Kuwaiti non-criminal countercorruption measures
In chapter 4, the criminal counter-corruption measures in Kuwaiti law were identified and analysed, and potential reforms were suggested. It was shown that criminal responses to corruption are necessary, but currently these are insufficient. Given those findings, Kuwaiti policymakers have also put in place non-criminal measures to counter corruption. In this regard, the legal tools provided by the civil and administrative laws have been employed. Other non-legal measures, such as regulatory responses and situational crime prevention (SCP), are also considered as counter-corruption measures.
This chapter is smaller in size compared to chapter 4 given the primacy of the criminal responses to corruption in Kuwait. The significance of this chapter stems from the nature of the regulatory measures and the civil and administrative laws. These instruments have several advantages that justify their studying alongside the criminal laws. First, they may be more helpful than the criminal laws in combating corruption as they arc less demanding due to the lower standard of proof. Second, these tools can properly operate under the idea of a comprehensive enforcement pyramid (section 5.3.1). With the help of the pyramid’s features, the availability of alternatives to the criminal law enables the state to apply the available measures in a gradual fashion. In that sense, they arc flexible in responding to the various degrees of culpability, including insignificant violations of formal duties. Third, apart from the deterrent aspect of the criminal sanctions, regulatory responses and administrative laws improve the cooperation of individuals, especially when their engagement in corruption is due to a lack of awareness. Fourth, the self-regulatory approach engages stakeholders from the private sector and secures their support and endorsement, which boosts the effectiveness of counter-corruption measures.
This chapter proceeds as follows. Section 5.2 adopts the working definition previously constructed. This working definition delineates the scope of the chapter and identifies the non-criminal counter-corruption laws and regulations. Section 5.3 explores the present framework of non-criminal counter-corruption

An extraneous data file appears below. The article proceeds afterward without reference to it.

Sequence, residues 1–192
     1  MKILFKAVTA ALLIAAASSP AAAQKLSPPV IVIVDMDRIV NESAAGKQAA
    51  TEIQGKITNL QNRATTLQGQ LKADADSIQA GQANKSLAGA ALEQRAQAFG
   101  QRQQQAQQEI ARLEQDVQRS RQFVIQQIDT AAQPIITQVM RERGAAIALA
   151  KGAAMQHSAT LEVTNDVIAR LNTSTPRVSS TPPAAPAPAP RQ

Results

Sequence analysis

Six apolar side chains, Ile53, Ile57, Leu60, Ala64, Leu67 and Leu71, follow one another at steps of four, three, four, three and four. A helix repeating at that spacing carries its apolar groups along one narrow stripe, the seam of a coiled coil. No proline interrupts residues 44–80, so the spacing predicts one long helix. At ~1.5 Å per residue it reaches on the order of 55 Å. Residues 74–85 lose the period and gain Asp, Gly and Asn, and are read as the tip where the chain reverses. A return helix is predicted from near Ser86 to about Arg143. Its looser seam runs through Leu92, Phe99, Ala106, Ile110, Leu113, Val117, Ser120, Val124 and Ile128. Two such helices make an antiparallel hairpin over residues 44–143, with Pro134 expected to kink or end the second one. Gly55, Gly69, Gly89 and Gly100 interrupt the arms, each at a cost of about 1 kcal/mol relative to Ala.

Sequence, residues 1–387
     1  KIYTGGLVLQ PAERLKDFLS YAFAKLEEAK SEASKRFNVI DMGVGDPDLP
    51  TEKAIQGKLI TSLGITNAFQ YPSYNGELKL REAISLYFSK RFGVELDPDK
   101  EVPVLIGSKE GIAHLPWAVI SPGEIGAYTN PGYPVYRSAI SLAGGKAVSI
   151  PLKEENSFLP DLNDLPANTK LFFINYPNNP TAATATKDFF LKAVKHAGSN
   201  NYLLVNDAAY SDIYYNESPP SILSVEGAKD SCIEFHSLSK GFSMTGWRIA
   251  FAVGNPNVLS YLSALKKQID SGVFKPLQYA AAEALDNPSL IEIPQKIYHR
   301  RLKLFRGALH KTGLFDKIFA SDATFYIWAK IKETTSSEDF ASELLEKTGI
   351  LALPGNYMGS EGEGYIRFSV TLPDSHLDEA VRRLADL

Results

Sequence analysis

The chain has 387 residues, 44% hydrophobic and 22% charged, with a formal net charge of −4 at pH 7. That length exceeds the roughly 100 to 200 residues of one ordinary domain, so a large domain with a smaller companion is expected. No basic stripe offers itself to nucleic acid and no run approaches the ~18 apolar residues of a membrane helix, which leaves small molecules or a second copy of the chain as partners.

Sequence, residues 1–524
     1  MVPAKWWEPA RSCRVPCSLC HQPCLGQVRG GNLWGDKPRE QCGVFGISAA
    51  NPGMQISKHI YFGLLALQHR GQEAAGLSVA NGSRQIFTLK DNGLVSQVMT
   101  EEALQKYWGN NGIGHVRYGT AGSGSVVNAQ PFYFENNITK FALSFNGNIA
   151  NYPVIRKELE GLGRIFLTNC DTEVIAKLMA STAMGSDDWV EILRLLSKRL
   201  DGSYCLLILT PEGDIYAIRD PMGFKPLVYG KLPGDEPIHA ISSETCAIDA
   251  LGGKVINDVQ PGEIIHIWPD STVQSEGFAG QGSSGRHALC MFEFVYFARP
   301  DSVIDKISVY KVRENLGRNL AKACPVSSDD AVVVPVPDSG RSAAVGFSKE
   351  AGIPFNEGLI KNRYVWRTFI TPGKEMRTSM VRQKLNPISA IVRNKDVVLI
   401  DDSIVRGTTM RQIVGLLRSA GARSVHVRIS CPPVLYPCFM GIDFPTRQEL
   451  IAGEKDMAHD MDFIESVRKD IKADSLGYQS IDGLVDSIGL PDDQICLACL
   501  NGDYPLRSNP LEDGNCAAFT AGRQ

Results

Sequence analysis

As discussed in chapter 3.3.3.
measures (regulatory, civil and administrative) and analyses their effectiveness. Section 5.4 builds on the analysis undertaken in section 5.3 to assess the adequacy of the current non-criminal counter-corruption responses and the need for innovative counter-corruption techniques to confront the problem of grand corruption. Therefore, this chapter aims to achieve two of the research objectives (the fourth and fifth objectives). In regard to the fourth objective, this chapter examines the current Kuwait non-criminal legal and regulatory measures to combat corruption. Three sub-research questions are addressed: what are the persuasive measures against corruption? what is the role of the civil and administrative laws in the counter-corruption process? and how can these two measures be assessed? In regard to the fifth methodological objective, socio-legal methodology is employed to draw upon insights from practitioners to answer part of the fourth objective.